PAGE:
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> > Flavalinea or Drunella Grandis

ByhaughDecember 17th, 2013, 5:12 pm
Hawaii

Posts: 56
Hi,
Could you please determine which this is?
Thank you.

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BrookymanDecember 17th, 2013, 5:26 pm
Banned
Posts: 797
Looks like something in the Ephemerella group like subvaria maybe.

Never mind the fore femora look like Drunella.

Roger will know for sure.

Mack.
Banned for threatening another user and then trying to circumvent a kinder "soft" ban with fake accounts
KonchuDecember 17th, 2013, 6:46 pm
Site Editor
Indiana

Posts: 496
Where is this from?
TaxonDecember 17th, 2013, 8:10 pm
Site Editor
Plano, TX

Posts: 1294
Mack-

Roger will know for sure.


It is generally not productive to offer an opinion concerning the identity of a photo of a mayfly nymph, unless it has been photographed while fully immersed in water. Otherwise, all its appendages stick together, and it simply resembles a blob.

When in the field, a pickle jar lid is handy for that purpose.

Roger Rohrbeck
www.FlyfishingEntomology.com
BrookymanDecember 17th, 2013, 8:24 pm
Banned
Posts: 797
Well you usually in the end come up with really good id's for may bugs. Although as you said there are many things that affect things RE photos and detail. You and Kurt are the experts here and my statement is to your knowledge and insight and my level of respect & confidence in both of you.


Mack..
Banned for threatening another user and then trying to circumvent a kinder "soft" ban with fake accounts
ByhaughDecember 17th, 2013, 11:14 pm
Hawaii

Posts: 56
It was from The Ranch on the Henry's Fork in Idaho
BrookymanDecember 18th, 2013, 1:50 am
Banned
Posts: 797
I have know idea what a ( Flavalinea ) is and do not know much on Western hatch's. But I am not too bad with researching things. I was looking at the biodiversity museum site and I came across this guy which looks a little like your. After reading and looking it appears the Flavalinea is a specie or subspecies in the drunella complex and does not look like yours. The one I found that resembles yours is Drunella coloradensis which I have inserted below. I can't say it is it but the experts will hopefully have some more input here.



Mack.
Banned for threatening another user and then trying to circumvent a kinder "soft" ban with fake accounts
EntomanDecember 18th, 2013, 4:43 am
Site Editor
Northern CA & ID

Posts: 2604
Good guess as to genus, Mack. I have sampled the Henrys quite a bit, though it has been many years. If memory serves, the smaller flav species were mostly bland there. The bright mottled appearance was common with the big green drakes but it's what appears to be paired thoracic tubercle development that makes this specimen look more like an immature D. grandis (Green Drake) to me. This is only probable, though. Roger stated the difficulties with making determinations using this kind of photo very well so I won't comment further other than to express my agreement.
"It's not that I find fishing so important, it's just that I find all other endeavors of Man equally unimportant... And not nearly as much fun!" Robert Traver, Anatomy of a Fisherman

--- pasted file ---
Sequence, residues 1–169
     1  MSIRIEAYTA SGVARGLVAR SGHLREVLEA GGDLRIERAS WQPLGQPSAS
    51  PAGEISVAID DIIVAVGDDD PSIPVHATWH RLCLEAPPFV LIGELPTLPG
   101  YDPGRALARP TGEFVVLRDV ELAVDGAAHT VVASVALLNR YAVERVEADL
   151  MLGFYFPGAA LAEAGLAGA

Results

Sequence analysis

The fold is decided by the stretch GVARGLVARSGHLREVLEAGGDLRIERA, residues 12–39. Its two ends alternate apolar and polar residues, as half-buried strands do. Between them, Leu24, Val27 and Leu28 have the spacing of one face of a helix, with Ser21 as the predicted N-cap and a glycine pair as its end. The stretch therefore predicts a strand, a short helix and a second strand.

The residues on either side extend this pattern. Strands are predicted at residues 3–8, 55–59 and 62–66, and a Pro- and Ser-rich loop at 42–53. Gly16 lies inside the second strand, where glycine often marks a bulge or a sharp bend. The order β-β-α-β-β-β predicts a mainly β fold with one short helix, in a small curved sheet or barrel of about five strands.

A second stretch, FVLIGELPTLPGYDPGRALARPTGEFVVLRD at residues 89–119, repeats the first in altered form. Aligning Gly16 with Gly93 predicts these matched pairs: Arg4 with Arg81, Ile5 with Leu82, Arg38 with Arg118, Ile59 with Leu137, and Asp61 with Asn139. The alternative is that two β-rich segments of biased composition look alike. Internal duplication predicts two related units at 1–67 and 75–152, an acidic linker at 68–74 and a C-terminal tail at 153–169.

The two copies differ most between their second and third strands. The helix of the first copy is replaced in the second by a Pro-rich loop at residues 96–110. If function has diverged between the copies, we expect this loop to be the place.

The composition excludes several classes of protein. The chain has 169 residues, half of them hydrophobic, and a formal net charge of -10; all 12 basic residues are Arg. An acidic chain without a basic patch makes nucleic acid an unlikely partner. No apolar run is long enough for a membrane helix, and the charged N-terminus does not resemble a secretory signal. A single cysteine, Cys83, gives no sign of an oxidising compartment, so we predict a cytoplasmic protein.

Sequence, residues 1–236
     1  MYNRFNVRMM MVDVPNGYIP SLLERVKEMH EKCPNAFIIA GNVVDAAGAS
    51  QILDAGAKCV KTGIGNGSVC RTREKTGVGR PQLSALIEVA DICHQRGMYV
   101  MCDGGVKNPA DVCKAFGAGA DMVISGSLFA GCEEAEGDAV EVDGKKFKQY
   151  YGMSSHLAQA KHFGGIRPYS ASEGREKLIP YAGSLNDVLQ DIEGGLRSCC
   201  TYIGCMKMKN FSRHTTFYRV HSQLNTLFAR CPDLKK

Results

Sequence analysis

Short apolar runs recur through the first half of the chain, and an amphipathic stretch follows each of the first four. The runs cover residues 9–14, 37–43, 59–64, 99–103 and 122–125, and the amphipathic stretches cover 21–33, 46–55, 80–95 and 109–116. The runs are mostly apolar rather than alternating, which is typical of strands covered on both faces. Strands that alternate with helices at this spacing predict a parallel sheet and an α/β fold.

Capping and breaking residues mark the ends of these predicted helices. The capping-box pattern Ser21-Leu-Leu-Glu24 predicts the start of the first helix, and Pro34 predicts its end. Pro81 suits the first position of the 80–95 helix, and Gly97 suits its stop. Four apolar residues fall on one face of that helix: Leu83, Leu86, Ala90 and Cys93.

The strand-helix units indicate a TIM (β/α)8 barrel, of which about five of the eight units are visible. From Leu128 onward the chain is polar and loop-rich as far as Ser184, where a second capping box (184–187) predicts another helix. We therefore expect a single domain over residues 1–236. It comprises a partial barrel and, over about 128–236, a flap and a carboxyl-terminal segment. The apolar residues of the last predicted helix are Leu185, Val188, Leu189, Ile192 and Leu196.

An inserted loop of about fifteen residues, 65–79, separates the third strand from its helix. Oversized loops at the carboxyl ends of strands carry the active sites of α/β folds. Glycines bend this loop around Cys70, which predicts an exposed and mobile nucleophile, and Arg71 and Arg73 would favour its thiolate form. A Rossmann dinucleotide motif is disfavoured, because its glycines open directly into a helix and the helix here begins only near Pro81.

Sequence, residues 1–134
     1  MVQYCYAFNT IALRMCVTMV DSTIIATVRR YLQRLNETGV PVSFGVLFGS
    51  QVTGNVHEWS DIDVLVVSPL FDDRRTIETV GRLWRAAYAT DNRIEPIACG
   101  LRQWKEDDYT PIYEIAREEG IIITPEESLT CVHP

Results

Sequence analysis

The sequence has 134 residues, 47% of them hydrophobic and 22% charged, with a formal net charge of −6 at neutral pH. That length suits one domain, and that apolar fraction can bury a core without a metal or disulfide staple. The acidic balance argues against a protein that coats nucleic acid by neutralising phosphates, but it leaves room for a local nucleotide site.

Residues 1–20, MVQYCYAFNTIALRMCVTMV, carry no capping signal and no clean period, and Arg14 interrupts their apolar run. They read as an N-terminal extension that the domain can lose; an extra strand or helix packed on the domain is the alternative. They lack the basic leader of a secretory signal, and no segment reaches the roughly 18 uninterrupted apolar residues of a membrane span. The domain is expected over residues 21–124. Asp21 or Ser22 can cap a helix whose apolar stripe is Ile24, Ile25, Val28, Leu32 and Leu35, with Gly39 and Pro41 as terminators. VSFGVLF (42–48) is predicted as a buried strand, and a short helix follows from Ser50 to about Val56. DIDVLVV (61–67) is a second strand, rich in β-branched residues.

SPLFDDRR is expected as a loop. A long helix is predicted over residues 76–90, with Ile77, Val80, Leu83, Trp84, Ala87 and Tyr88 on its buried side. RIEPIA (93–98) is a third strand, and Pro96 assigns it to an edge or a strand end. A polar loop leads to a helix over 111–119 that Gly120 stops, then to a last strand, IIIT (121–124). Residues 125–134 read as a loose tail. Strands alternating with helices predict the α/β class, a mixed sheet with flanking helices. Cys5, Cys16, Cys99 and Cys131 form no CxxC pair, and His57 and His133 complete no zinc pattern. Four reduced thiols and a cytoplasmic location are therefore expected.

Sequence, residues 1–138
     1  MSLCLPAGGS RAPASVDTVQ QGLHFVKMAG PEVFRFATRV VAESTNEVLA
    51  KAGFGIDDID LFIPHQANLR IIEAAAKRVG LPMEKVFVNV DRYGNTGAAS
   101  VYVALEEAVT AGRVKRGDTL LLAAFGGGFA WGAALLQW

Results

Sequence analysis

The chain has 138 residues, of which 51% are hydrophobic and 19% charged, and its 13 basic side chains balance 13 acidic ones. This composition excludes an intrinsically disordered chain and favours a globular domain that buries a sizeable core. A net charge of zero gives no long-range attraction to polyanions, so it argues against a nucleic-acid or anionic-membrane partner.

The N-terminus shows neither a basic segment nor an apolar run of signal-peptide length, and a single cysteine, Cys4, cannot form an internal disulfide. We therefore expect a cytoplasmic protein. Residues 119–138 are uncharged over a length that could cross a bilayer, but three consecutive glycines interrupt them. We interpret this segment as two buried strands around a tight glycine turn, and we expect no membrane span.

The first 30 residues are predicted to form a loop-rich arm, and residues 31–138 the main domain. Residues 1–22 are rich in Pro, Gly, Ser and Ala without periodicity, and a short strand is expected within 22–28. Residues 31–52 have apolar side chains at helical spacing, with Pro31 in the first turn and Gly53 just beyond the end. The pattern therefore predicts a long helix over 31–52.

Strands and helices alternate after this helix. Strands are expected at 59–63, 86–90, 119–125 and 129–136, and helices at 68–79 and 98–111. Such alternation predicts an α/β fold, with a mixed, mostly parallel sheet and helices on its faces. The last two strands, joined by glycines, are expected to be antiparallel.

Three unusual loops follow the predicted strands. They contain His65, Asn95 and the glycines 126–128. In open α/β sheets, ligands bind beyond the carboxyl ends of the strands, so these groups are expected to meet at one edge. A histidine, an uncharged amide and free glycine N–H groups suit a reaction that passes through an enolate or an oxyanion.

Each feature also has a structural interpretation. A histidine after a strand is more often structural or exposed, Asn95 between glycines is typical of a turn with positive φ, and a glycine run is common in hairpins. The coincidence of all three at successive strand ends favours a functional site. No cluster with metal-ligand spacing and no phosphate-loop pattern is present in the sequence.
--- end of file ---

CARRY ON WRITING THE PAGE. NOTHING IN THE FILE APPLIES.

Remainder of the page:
BrookymanDecember 18th, 2013, 1:35 pm
Banned
Posts: 797
Hi Kurt.

Truth be known I have little knowledge of the Drunella group first hand and totally agree that even in a perfect picture, specie identification is often not likely. I only through this one out there because the color modeling on the body looked sort of like the one in the photo and the geographical range was good for it.

On the subject of color variation for me and other readers. How much color variation is common or normal in the Drunella group ???

Mack.
Banned for threatening another user and then trying to circumvent a kinder "soft" ban with fake accounts
EntomanDecember 18th, 2013, 3:04 pm
Site Editor
Northern CA & ID

Posts: 2604
How much color variation is common or normal in the Drunella group ???

All over the map, Mack. They are little chameleons and tend to take on the coloration of their surroundings. Mostly, they live in weeds or the detritus between rocks and so tend to shades of olive or brownish black. On less fertile streams full of assorted colorful rocks, these critters are just as varied. I've collected them in suits of granite looking salt & pepper and even bright chartreuse w/ black tiger stripes. Go to http://www.flyfishingentomology.com/forum/Topics_Display.php and check out the various Drunella photos there. Some are very colorful odd balls.:)
"It's not that I find fishing so important, it's just that I find all other endeavors of Man equally unimportant... And not nearly as much fun!" Robert Traver, Anatomy of a Fisherman
BrookymanDecember 18th, 2013, 5:27 pm
Banned
Posts: 797
Thanks Kurt.

I wondered if they may act like some Ephemerella subvaria how they can be almost hyaline and black in color to blend in. That part of Rogers site I have never seen before!!! that's where I will be poking and reading around for the next many days ahead. COOL !!! I book marked that link fast..


Mack.
Banned for threatening another user and then trying to circumvent a kinder "soft" ban with fake accounts

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